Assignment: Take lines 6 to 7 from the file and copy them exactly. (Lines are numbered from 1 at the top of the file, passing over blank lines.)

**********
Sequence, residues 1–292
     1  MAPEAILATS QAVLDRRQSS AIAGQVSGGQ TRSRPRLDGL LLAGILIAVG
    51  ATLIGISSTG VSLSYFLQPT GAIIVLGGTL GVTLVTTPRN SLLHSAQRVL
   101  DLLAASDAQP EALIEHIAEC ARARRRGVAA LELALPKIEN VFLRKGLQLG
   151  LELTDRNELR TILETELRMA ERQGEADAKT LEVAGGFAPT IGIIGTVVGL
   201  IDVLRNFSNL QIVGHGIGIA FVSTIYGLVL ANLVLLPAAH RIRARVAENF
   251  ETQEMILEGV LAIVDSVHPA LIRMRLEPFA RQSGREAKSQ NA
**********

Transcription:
   201  IDVLRNFSNL QIVGHGIGIA FVSTIYGLVL ANLVLLPAAH RIRARVAENF
   251  ETQEMILEGV LAIVDSVHPA LIRMRLEPFA RQSGREAKSQ NA